#263 was a long comparison of the two English newspapers of South Korea, the (basically) left-wing Times and the (basically) right-wing Herald. (Don’t think that the adjectives that preceded each newspaper title in the preceding sentence give you any full or clear idea about in line with U.S. or other Western politics. Notably, for certain complicated reasons, racialism is more associated with the political Left in Korea. The DPRK regime itself is certainly racialist.)
Somebody arrived at my quiet corner of the Internet here, I presume via a Google search, and left a comment asking for specifics on the broad tendencies I discussed in #263. I had stated in the post that as this is just for my own “entertainment” and kind of a personal reflection on things I’d observed over a long period, I didn’t want to dig through archives to tendentiously and/or pedantically prove everything. Why do it? It would turn into a big research project for which I have no time.
But I’ll do it anyway, in a limited way because he sort of challenged me to. I can use examples from this very week to show that Times is left-wing Herald is right-wing. This will prove to be very easy to do, as you’ll see if you read any more below.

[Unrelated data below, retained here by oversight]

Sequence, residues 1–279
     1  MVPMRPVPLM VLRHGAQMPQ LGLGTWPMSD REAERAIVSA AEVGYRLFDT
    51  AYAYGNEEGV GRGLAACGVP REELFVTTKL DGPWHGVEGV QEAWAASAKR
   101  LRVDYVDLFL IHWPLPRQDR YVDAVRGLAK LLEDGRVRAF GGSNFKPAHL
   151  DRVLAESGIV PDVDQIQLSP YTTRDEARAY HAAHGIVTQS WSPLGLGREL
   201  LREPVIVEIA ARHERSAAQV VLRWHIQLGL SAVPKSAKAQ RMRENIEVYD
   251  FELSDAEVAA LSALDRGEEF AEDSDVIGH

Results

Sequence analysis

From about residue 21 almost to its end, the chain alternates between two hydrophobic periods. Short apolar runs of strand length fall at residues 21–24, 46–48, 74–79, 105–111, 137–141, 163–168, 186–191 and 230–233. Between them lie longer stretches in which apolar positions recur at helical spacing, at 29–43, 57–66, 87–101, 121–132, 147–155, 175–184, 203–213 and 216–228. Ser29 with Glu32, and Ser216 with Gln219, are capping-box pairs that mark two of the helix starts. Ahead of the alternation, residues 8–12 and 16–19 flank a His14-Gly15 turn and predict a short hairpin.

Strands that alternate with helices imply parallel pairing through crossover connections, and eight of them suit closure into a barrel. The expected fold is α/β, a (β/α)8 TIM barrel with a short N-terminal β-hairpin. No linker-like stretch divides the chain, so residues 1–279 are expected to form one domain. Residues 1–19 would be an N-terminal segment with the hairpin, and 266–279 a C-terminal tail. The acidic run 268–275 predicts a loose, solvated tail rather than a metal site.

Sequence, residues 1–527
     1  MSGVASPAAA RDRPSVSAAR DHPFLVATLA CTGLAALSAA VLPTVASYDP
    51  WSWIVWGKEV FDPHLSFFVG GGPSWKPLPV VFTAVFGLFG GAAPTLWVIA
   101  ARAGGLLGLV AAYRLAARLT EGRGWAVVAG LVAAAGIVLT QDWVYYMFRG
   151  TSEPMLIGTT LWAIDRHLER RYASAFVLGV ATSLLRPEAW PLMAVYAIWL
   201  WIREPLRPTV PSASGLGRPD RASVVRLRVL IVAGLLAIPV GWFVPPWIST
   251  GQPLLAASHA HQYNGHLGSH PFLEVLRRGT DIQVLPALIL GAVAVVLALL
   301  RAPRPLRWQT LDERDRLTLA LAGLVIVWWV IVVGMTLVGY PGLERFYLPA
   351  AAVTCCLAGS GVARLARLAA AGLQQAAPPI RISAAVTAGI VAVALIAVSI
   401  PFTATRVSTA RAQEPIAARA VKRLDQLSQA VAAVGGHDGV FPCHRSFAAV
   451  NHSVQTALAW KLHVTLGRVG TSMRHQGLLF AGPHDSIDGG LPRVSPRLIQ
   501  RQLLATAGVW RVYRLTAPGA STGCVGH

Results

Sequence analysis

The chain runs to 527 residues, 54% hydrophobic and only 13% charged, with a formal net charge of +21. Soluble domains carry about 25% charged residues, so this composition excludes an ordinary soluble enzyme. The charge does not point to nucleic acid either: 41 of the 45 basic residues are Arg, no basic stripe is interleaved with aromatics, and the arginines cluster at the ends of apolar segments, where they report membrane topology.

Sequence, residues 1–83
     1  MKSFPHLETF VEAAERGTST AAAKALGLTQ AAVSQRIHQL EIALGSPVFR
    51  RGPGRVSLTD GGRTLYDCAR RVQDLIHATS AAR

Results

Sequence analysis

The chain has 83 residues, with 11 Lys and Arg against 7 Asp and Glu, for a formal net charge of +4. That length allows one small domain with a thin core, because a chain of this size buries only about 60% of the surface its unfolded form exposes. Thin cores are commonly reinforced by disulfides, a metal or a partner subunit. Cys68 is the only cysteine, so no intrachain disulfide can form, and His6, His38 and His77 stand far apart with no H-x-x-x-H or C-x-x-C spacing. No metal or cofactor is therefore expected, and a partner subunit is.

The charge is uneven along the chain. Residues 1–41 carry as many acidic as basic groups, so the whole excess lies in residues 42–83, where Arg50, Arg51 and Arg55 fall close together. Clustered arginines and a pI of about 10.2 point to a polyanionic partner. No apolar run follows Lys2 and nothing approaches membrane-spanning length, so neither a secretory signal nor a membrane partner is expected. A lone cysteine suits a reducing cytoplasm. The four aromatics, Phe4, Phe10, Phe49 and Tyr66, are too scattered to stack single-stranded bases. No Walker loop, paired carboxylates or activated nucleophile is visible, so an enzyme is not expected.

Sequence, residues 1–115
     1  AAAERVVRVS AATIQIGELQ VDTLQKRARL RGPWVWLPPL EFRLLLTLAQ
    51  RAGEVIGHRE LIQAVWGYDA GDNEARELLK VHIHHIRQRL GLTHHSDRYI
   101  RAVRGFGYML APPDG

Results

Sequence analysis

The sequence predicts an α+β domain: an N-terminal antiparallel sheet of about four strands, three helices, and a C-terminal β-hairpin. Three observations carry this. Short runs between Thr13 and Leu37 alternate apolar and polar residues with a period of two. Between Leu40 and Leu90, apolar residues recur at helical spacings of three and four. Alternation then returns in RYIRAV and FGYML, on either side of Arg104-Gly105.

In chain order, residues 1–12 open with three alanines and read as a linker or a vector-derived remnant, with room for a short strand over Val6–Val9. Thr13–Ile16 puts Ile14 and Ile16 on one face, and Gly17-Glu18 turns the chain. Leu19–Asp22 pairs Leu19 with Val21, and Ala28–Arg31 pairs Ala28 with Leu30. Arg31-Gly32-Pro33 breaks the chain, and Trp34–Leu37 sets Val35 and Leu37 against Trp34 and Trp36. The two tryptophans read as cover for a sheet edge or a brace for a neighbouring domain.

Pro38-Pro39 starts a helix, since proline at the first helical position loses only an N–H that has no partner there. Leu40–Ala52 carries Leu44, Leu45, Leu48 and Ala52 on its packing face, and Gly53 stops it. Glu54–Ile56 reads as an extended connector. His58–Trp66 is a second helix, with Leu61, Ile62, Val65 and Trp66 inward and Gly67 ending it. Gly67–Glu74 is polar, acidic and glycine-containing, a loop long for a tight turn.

It so happens that a small, far-left political party was banned on Friday by the South Korean government for being “anti-constitutional” and allegedly supporting North Korea, a criminal offense. This was the Unified Progressive Party (UPP) (통합진보당). It had several of its elected, sitting members of the national legislature jailed after the government implicated them in a supposed “pro-North Korea plot” in 2013.
This was the first time that South Korea has ever banned a political party. That was Friday. Now consider the two newspapers’ lead editorials published the next day, Saturday.
Left-leaning Korea Times chose not talk about the ban handed down the previous day at all (anywhere on the opinion page), but talked instead about the inevitably-related issue of North Korea:
U.S. officials, and their South Korean counterparts for that matter, have always said they are open to dialogue with North Korea ― provided the latter shows “sincerity” by taking preliminary steps toward giving up its nuclear programs. If the Cuban breakthrough is any guide, however, the allies would well do to ease their preconditions somewhat and reopen talks with the isolationist regime in other areas. That is, on condition of Kim Jong-un trying to be at least as open and reformative as Raul Castro, if not the late Deng Xiaoping of China.